There was that whole Madness of Lord British season where he was talking at (not to) EA about wanting his IP back, thinking a line about great fondness might help I guess.  EA chose that moment to launch Ultima Forever, which seemed to answer the question.  So it was just Lord British talking about his Ultimate RPG, set in a land which could not yet be named. (His comment at the end of that about “ville” clones was doubly amusing given his then recent attempts to get into bed with Zynga, complete with comedy quote.)

Eventually though he seemed to get back on the rails in the right direction and launched the kickstarter to fund his project, Lord British’s Shroud of the Avatar; Forsaken Virtues.   Aside from that whole “game designers suck and/or are lazy” thing (later he explained that when he said people he worked with were essentially shit he was taken out of context) the whole thing went very well.  Lord British still has name recognition and the whole nostalgia factor going for him and was able to haul in double the amount of money he was asking for.

From the official site

Since then however… I haven’t really been paying all that much attention.  By late 2014 there was something you could download and tinker with, but it was a very rough cut.  I tried it for a bit and then let it be.  There was also something about virtual real estate that came up at one point.  But other than putting it on my possible list of games to play every year for a few years, only to have it still be in development, I haven’t paid much attention to it.  Somewhere along the line I got a Steam key and activated it there, but otherwise it has just been news about the game coming along.  Even Lord British, with something to occupy his attentions, has kept his crazy side out of the news.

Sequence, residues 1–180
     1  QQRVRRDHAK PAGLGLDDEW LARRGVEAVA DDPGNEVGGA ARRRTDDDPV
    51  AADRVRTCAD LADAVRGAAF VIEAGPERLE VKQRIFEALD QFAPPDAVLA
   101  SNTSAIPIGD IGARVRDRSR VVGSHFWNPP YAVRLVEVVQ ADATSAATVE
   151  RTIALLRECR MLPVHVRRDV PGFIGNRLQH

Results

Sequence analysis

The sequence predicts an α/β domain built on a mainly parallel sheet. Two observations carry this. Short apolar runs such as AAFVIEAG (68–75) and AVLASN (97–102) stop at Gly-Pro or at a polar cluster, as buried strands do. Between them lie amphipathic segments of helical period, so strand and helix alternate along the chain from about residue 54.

But today it is live.  The server status declares it ready.

Launch version has launched

I checked over at Steam and the early access warnings have all been removed and there is a launch day sale for 15% off the $39.99 price, which keeps it higher than the $30 I pledged five years back.

It looks like the the four modes originally promised are there, offline solo, online solo, online friends, and online in an MMO-esque setting.  It is also available on Windows, Mac OS, and Linux.  The reviews, however, are mixed, something that seems to come from the cash shop.

And now to see how big the launch will be.  I have speculated in the past that doing crowd funding and early access means that a game’s core audience has likely already bought in by the time that launch comes, so there is no big boost at launch.  That is what we saw with Landmark certainly, and H1Z1′s recent transition out of early access was pretty much a yawn until they made the game free.  And even that only got it back up to its December numbers as opposed to its peak over the summer.  But H1Z1 has better competitors now in PUBG and Fortnite.  Still, launch alone didn’t seem to do much.